Dad's Army is a British war comedy film, remake of the classic BBC sitcom Dad’s Army (1968). The new film adaption looks set to stay true to the beloved seventies TV show, which ran for nine series during the 1970's, and saw Captain Mainwaring and his troop embroiled in all sorts of unlikely and hilarious exploits, MailOnline reported. It`s the second attempt to translate Jimmy Perry and David Croft’s adored 1970s show for the cinema.

The big screen take on Dad's Army arrives in cinemas in 2016, and we get our first proper glimpse of it right here.

The film, based on the iconic British comedy, has been directed by Oliver Parker, a BAFTA award-winning. The all-star cast is unbelievable and the film brings together a stellar, award- winning British cast and has been written for the big screen by Hamish McColl and produced by Damian Jones. The movie features Bill Nighy, Catherine Zeta-Jones, Tony Jones, Michael Gambon, Tom Courenay, Blake Harrison, Bill Paterson and Daniel Mays. And it would be fair to say that they have some big boots to fill, if they want to come close to the majesty of the TV show that the new film is based on,  Denofgeek tells us.

You be able watch the likes of Catherine Zeta Jones and Bill Nighy bring the classic back to life, or bumbling Godfrey, played by Michael Gambon, and Nighy's Captain Mainwaring recreating those classic TV moments. It really could be the film fans have been waiting for, The Mirror reported.

Dad’s Army movie will be set in 1944, after the events depicted in the television series. The story will see Catherine Zeta-Jones play a glamorous journalist, who is sent to report on the Walmington-on-Sea Home Guard platoon. This is all before MI5 discovers that there is a German spy, hiding in the fictional British town.

The synopsis reads: It is 1944 and World War II is reaching its climax. The Allies are poised to invade France and finally defeat the German army. But in Walmington-on-Sea morale amongst the Home Guard is low. Their new mission then – to patrol the Dover army base – is a great chance to revive spirits and reputation, that is until glamorous journalist Rose Winters arrives to write about their exploits, setting the pulses racing and putting the local women on red alert. MI5 then discover a radio signal sent direct to Berlin from Walmington-on-Sea. There’s a spy on the loose! The outcome of the war is suddenly at stake, and it falls to our unlikely heroes to stand up and be counted.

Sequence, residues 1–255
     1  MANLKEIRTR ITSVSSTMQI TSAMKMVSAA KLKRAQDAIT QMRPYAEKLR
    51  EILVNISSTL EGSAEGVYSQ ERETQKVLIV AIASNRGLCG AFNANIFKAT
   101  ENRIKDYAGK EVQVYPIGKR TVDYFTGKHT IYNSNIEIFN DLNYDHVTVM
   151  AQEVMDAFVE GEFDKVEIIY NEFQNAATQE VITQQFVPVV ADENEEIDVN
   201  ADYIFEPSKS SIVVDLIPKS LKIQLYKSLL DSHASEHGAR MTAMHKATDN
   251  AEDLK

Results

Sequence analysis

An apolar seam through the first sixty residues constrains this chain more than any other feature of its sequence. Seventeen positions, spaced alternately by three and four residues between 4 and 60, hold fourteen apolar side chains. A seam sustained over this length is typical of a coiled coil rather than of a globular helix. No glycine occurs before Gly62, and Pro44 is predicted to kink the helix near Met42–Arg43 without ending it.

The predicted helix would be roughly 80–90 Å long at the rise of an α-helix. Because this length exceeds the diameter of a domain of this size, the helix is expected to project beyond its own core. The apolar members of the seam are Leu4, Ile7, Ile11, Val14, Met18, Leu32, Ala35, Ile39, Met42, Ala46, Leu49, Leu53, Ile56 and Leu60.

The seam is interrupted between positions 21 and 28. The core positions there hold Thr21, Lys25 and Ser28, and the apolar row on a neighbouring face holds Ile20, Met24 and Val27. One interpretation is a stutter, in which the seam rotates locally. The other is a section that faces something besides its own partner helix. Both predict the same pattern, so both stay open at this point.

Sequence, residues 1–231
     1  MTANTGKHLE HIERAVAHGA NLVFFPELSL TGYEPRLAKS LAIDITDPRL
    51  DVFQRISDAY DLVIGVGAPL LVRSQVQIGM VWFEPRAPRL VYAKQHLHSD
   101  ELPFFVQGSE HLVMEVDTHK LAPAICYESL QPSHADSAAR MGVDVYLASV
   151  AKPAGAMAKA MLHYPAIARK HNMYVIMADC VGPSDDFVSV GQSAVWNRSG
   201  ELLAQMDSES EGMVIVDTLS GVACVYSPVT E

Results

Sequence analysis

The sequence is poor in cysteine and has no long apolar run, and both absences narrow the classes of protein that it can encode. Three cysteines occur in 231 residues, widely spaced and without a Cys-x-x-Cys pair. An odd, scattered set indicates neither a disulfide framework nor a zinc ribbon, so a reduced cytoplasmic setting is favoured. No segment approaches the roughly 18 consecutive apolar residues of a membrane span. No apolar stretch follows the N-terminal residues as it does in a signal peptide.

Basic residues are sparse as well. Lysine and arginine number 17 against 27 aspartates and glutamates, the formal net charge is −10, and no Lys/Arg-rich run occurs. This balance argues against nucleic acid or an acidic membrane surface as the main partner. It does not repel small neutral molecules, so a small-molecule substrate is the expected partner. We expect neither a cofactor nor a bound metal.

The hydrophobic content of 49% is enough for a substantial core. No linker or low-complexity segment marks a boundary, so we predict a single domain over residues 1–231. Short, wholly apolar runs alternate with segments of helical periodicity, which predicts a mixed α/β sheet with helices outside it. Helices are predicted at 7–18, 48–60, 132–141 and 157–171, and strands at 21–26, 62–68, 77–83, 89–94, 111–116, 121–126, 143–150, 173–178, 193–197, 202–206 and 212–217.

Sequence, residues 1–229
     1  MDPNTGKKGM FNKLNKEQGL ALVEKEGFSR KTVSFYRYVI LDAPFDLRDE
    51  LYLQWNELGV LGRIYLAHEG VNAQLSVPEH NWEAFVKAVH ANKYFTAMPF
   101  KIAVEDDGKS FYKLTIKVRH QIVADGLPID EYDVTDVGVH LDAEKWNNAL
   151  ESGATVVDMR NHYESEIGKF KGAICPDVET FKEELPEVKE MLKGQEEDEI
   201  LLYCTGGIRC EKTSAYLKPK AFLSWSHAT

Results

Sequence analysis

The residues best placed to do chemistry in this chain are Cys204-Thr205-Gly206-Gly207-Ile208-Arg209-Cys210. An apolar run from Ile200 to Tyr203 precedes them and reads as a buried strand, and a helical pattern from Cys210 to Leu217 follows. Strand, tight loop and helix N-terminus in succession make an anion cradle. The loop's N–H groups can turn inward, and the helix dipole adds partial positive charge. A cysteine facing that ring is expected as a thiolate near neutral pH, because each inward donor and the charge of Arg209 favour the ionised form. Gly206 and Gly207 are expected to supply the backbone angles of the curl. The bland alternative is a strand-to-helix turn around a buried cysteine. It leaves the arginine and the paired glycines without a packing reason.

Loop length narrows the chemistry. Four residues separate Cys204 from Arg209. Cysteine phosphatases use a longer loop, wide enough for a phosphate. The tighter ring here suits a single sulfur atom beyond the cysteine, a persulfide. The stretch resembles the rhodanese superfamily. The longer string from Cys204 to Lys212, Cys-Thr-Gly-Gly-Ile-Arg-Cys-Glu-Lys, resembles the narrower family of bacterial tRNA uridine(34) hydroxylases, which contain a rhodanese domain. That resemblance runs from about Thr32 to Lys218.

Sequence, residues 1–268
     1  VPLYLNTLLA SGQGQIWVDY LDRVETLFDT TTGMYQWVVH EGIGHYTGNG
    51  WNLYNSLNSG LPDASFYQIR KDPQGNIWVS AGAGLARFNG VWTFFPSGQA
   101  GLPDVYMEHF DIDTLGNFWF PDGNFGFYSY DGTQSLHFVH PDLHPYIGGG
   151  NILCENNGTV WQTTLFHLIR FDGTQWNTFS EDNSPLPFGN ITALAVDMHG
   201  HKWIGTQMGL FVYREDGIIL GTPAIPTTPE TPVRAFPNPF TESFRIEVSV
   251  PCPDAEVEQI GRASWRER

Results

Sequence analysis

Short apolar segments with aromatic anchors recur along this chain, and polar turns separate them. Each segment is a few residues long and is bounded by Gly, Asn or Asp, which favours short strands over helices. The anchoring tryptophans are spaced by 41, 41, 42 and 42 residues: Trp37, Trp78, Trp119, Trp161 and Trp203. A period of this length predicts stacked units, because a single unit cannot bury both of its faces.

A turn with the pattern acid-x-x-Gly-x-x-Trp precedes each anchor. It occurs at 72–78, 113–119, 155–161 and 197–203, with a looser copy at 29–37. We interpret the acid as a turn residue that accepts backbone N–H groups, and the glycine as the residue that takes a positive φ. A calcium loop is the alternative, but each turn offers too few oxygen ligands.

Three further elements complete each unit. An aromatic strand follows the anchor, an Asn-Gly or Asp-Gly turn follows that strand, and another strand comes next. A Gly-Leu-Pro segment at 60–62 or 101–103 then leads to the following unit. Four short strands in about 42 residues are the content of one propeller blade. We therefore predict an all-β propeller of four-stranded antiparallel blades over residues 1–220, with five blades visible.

Dad's Army (BBC, 1968 -77) is one of a handful of TV comedies that fully deserves its 'classic' status. Dad's Army was the creation of one of the most successful British television comedy writing and production teams, Jimmy Perry and David Croft. They created 81 half-hour episodes, between 1968 and 1977, with audiences of 18.5 million in the early 1970s. Purely in terms of its sustained popularity the show is without equal - no other UK show dating from the 1960s can still command a primetime.

Dad's Army features the comic ineptitude of a Home Guard platoon in Walmington-on-Sea, an imaginary seaside resort on the south coast of England. The Land Defence Volunteers were formed in 1940 as a reserve volunteer force comprising men who did not meet the standards of age and fitness required for regular military service. These units were soon officially re-named The Home Guard, but they also attracted the somewhat derisory nick-name of "Dad's Army".